In Tape Op #104 we chatted with the fabulous Oliver Ackermann from the band A Place to Bury Strangers and the head of Death By Audio. His Death By Audio still makes some of the best stompboxes out there, and with ROOMS I think they created one just to please me. Accurately described as "a stereo, multifunction digital reverb capable of searing volume, gated walls of sound, and long, trailing reverberant ambiances with an intuitive array of controls designed with live mood-bending in mind," ROOMS is all that and more. I had a field day on guitar through an amp. In the studio, interfacing with an in the box mix, I plugged it line level direct in, via 1/4-inch TRS cables. I had to drop my sends down a bit, and the signal coming back off the ROOMS was fairly low but certainly workable. Being that it's a stompbox there's a bit of hum in the background, but it never bothered me much. Better than many other pedals in this vein.

They say some tools are inspirational and lead to creative breakthroughs in the studio, but normally I shrug my shoulders and call BS on that. I've never been inspired by a mic preamp, an equalizer, or most of the other mainstays of recording. Reverbs and echoes were the first sounds I wanted to facilitate in my home recordings back in 1980, as I realized my weird synth boxes were super dry sounding and that a lot of the ambience that I dug on Pink Floyd tracks came from reverberant textures. Since then I've accumulated all sorts of delay and reverb devices, but ROOMS might be the actual inspirational brain fuck I was looking for.

I love long delays and reverbs, like Frippertronics, Brian Eno's [Tape Op #85] regenerating tape loops, Sigur Rós' [#41] guitar drones, and the Cocteau Twin's [#50] cascading guitars. But keeping a regenerating reverb or delay "under control" and musical sounding can be difficult. ROOMS will get out of control when pushed, but overall it remains musical and inspirational. Hell, I ended up recording a 13-minute Neu!-inspired track in the middle of writing this damn review. The stupidest, simplest guitar parts I'd come up with would always sound big and meaningful through this box. Awesome.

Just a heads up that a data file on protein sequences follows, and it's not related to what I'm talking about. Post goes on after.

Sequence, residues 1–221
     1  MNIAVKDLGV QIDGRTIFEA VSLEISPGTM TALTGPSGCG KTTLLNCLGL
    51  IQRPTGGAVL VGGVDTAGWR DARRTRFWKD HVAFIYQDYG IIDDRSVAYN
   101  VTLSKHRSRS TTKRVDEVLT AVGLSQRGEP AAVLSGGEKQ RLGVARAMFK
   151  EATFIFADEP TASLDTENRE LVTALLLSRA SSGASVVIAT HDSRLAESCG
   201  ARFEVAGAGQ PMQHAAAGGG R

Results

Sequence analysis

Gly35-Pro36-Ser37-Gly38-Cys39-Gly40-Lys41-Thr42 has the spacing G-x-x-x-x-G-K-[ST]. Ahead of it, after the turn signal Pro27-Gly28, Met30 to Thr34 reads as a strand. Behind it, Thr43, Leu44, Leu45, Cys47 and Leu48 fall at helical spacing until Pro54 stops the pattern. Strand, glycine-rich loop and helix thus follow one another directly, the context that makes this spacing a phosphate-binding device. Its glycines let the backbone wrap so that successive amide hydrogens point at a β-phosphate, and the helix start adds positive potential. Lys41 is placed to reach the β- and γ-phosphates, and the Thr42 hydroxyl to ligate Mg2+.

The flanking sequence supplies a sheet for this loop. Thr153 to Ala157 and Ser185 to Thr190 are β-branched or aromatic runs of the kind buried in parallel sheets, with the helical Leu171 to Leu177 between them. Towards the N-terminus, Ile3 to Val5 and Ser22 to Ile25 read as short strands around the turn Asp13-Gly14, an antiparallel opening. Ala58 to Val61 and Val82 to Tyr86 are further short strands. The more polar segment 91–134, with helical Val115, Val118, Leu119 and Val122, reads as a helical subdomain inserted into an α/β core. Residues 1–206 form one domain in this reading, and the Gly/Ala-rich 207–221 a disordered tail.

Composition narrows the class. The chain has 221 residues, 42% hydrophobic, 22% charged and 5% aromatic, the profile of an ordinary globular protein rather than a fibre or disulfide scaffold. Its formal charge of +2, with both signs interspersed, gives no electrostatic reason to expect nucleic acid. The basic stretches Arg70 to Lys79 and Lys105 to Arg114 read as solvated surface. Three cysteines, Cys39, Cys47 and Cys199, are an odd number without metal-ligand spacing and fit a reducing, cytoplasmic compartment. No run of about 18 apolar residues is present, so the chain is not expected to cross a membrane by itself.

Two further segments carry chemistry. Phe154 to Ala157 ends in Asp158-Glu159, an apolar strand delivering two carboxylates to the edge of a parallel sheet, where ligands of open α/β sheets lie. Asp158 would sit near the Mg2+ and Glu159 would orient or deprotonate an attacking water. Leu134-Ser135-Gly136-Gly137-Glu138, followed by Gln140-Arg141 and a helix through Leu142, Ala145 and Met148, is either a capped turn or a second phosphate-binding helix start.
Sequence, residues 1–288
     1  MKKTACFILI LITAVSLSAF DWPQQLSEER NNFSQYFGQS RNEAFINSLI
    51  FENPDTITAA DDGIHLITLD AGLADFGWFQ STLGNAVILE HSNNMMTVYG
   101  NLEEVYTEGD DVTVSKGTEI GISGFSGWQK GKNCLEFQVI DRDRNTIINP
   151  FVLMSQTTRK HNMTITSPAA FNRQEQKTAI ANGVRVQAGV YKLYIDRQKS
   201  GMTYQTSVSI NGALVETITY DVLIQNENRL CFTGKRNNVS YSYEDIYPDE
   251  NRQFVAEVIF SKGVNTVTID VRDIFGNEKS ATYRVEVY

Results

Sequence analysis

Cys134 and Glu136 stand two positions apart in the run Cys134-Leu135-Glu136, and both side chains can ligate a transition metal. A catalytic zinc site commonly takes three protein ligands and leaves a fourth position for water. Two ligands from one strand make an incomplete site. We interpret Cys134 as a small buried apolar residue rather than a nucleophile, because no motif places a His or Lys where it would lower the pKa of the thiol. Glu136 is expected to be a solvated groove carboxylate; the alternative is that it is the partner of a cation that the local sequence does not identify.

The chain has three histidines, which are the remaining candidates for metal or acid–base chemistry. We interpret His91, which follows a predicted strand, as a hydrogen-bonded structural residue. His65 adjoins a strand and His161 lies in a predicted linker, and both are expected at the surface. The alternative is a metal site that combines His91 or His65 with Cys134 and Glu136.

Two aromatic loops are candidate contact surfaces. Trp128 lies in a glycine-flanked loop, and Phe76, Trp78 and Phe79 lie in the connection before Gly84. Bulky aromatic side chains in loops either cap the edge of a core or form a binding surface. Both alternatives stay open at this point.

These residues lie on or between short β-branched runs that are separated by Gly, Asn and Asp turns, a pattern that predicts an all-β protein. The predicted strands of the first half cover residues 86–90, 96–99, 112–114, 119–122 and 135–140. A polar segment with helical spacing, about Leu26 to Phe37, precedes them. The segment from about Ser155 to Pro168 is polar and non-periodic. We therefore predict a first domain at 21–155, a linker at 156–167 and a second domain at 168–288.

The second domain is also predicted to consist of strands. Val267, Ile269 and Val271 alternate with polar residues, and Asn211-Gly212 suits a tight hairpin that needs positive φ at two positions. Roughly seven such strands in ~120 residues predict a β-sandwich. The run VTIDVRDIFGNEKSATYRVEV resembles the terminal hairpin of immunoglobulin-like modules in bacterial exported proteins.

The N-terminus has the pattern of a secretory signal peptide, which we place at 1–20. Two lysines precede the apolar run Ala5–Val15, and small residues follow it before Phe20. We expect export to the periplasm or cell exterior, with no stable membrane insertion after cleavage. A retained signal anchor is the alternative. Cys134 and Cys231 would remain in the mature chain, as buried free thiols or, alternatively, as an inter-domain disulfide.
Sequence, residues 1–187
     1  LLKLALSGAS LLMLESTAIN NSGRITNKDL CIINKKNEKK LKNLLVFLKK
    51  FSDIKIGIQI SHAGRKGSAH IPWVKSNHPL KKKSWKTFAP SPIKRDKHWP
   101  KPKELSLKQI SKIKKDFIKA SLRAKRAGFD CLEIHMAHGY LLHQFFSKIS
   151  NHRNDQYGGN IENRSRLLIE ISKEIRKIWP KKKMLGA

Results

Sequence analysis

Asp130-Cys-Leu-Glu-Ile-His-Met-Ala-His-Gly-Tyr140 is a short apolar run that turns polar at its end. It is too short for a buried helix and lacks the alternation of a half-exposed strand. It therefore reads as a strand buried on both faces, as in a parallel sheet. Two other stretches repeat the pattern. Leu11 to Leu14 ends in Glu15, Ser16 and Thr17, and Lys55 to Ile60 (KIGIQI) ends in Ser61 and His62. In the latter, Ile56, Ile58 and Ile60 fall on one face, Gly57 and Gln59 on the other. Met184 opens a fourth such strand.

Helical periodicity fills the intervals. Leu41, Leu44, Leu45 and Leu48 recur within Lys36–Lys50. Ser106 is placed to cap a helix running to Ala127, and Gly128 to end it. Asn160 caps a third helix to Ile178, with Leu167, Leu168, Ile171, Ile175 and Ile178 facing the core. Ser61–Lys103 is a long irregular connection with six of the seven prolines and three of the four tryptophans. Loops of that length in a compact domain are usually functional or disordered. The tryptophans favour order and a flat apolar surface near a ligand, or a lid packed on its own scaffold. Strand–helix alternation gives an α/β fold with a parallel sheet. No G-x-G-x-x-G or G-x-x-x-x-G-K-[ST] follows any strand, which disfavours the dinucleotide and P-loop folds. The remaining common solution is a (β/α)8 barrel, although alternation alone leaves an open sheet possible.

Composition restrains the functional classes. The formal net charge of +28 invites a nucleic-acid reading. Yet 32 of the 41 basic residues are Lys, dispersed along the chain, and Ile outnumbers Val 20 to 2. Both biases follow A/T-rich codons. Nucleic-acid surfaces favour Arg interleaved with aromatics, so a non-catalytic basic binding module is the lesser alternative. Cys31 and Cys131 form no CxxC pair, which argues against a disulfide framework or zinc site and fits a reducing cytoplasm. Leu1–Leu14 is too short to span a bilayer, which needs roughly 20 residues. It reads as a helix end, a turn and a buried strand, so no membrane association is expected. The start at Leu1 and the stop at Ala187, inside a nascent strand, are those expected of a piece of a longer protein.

The controls were actually pretty easy to sort out without a manual. FREQ and DEPTH adjust diff parameters in each reverb mode. TIME makes it bigger or smaller, duh. Those, and the mode selector, get you up and running fast.

There are six main reverb modes available by a big, easy-to-see selector knob. ROOM allows for the biggest surf guitar sound I've ever heard, but also was amazing and usable to record back into an in the box mix on vocals (the client loved it and probably thought I had some special plug-in chain!). DIGIT has a later '80s vibe; think of David Gilmour's tone from that era – colder and sleek, with some spiraling modulation sounds that seem to pop out when hit harder. PEAK is like adding cutoff (actually bandpass) and resonance filters on a delay. You can create dark reverb modes that build up around what you feed into this, and then warp them all over. Score a film or create ambient music, instantly. This was my favorite setting to work from. The GATE setting does gated reverb sounds. Having lived through that era, I wept for a little bit at first, but then got myself together and tried it out on some drum tracks. I was able to get a lot of sounds, many of which did not remind me of Phil Collins. This could be useful! WAVE is pure modulation reverb/delay fun. If PEAK doesn't take you into space far enough, this will get you there. A single vocal can begin to create chordal layers with a bit of stereo width going on. In other, warped oscillation modes it's pure Hawkwind. The final setting is GONG. No, not the band or the instrument, but a bit-destroying ring modulating reverbed mess. I was able to make it sound like a harmonized fuzz guitar was playing along with me at times; WTF? This is about as far from The Ventures as one can get. I would keep this setting in my back pocket and use infrequently, but with distinct purpose!

The extra ALT mode is a smart addition for live use, allowing a second set of FREQ/DEPTH/TIME settings to engage at the press of a second footswitch. One cool trick is to mimic the main settings but with a short Time, and when pressed an expansive reverb can be heard to squash back down in a dramatic way. There are ways to set up expression pedal use too. Having individual DRY and FX level knobs that are easily seen and manipulated is perfect. I could create effect-only tones and slowly bring in the dry signal, or vice versa.

What's crazy is I could see retro guitar tone folks loving this as much as modular synth nuts. The textures can go anywhere, and musically, making this one of those rare effects units that could serve many purposes. I won't let the ROOMS pedal return to Death By Audio. It's going to see a lot of use on my productions and might even make me get more of my own music recorded. It makes music fun, which is not something I usually say about any recording gear, ever.

Tape Op is a bi-monthly magazine devoted to the art of record making.

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